The Baggs route stretches 60 miles in southern Wyoming, the Platte Valley corridors run up to 40 miles south of Rawlins and the Red Desert-to-Hoback extends more than 140 miles from Jackson Hole to Interstate 80. The Game and Fish Department has recommended two other routes to the agency’s governing appointed-citizen commission, one covering the Path of the Pronghorn, partly protected as the first federally recognized migration route in the country, and a mule deer route through the Wyoming Range.
The designations allowed the wildlife agency to recommend restrictions on oil and gas leases, among other things. Typical restrictions prohibit disturbing the landscape in a corridor or limit when development might take place and the extent that habitat can be altered.
Under the draft legislation, county commissioners would appoint seven-member panels that include representatives from agriculture, mining, oil-and-gas, conservation, recreation and wind-energy interests. The panels would seek information about potential economic and other impacts from the Office of State Lands and Investments, the departments of revenue, transportation, environmental quality and the Oil and Gas Conservation Commission.
The county panel would forward its recommendations to the Wyoming Board of Land Commissioners, which would adopt any protective measures. Recommendations would flow from that board to federal agencies, like the Bureau of Land Management, to be considered in management of property it controls. The new process would apply retroactively to “any active and current migration corridor previously designated by the department,” the draft bill states.
Conservationists have attacked the measure. The lawmakers’ bill would create a multi-leveled process, including “a lot of layers of bureaucracy this [gubernatorial advisory working] group did not recommend,” Gunther said. “It seems like a big waste of resources to send the three designated corridors all the way back to the drawing board and through this laborious process.”
Linda Baker, director of the Upper Green River Alliance, said the bill would “illegally … allow county commissioners, who lack the expertise of the Game and Fish, to overstep their governmental responsibilities and allow them to manage wildlife.” Lawmakers are “looking to grab the power from Game and Fish … the people with the expertise,” she told WyoFile. “I think that’s unconscionable.”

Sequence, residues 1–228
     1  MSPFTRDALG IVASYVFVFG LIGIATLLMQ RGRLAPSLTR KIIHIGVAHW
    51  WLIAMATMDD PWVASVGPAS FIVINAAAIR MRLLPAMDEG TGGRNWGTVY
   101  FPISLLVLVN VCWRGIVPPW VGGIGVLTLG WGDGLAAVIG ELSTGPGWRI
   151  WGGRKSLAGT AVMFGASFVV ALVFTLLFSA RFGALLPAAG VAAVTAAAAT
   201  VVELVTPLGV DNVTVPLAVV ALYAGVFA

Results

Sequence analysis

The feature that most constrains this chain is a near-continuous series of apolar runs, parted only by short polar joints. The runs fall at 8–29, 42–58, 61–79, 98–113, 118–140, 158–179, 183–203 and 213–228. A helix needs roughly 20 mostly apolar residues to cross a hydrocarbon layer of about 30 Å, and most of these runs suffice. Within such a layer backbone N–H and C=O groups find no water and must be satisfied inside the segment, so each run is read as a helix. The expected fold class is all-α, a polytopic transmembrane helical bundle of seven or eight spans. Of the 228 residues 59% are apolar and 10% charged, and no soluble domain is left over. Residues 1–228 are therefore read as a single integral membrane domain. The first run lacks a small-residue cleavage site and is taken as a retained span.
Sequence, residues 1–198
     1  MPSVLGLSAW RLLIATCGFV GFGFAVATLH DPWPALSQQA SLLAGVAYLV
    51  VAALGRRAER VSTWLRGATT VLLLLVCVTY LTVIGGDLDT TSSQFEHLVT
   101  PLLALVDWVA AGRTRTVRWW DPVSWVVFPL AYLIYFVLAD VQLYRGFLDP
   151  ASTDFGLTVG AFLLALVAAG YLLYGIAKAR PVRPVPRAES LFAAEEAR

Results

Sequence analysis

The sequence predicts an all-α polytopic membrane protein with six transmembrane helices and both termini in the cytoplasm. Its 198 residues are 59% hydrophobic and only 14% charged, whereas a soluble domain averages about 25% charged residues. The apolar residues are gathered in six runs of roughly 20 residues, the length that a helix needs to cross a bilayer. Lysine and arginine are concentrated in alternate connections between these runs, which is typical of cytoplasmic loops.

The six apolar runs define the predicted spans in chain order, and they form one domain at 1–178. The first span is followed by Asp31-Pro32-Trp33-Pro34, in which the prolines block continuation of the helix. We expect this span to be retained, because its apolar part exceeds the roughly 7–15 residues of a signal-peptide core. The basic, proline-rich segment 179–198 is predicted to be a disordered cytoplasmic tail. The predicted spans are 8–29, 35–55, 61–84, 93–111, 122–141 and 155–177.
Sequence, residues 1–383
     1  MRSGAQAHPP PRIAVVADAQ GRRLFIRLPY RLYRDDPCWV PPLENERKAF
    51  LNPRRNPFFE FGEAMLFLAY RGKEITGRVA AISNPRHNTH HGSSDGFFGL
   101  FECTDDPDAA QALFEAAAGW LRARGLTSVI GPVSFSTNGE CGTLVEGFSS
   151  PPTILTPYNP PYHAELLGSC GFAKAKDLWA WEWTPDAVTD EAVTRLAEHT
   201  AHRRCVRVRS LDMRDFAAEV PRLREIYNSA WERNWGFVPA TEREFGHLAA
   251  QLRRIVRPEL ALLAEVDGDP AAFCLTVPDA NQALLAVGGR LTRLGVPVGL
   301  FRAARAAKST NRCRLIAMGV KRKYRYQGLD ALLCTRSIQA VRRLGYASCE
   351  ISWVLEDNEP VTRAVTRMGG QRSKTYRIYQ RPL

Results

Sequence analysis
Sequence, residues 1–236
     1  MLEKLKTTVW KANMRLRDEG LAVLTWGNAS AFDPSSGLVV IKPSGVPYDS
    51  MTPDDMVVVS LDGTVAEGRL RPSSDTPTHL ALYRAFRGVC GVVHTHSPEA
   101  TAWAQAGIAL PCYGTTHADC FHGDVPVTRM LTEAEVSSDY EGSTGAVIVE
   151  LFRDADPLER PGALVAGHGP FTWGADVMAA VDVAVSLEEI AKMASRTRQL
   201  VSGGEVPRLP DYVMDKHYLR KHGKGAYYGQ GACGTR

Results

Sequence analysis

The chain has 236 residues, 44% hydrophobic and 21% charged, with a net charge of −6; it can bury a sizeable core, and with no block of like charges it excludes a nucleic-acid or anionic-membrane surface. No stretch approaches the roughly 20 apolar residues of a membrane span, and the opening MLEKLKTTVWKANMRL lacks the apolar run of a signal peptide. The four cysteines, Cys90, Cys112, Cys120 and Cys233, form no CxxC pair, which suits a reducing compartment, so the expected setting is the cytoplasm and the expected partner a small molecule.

Some county commissioners, including a southwest Wyoming coalition, have protested Game and Fish Department’s Ungulate Migration Corridor Strategy, which the agency adopted in 2016 after what it called an “inclusive process.” Local governments were left out of discussions, they said.
Game and Fish “did not take the Coalition’s comments to heart,” Kent Connelly, Chairman of the Coalition of Local Governments, wrote in a letter to Gordon earlier this year. His group is made up of Lincoln, Sweetwater, Uinta and Sublette counties and conservation districts, plus the Little Snake River Conservation District of Carbon County.
“[T]he Coalition … noted that WGFD strategy assumes land management authority over federal and private land that it does not have,” Connelly’s Feb. 28 letter reads. “The migration Strategy would close thousands of acres to energy development, burden existing federal [oil and gas] units and leases, especially in the Golden Triangle, and remove high potential energy and minerals for future development with no recognition to the costs to the affected communities or the States’(sic) revenues,” he wrote.
The Petroleum Association of Wyoming “is satisfied with the existing designation process from 2016,” association Communications Director Ryan McConnaughey wrote in an email. But the agency “began seeking blanket lease deferrals,” he said, which are “unnecessary and unsupported by the science.” Those deferrals, based on scientific mapping of migration routes, temporarily remove parcels from BLM lease auction lists.
“The science is not clear on how different species of large ungulates migrate, and what level of impacts negatively affect their movements,” McConnaughey wrote. “More data is necessary to clearly understand these issues, and work is still being conducted in this field.”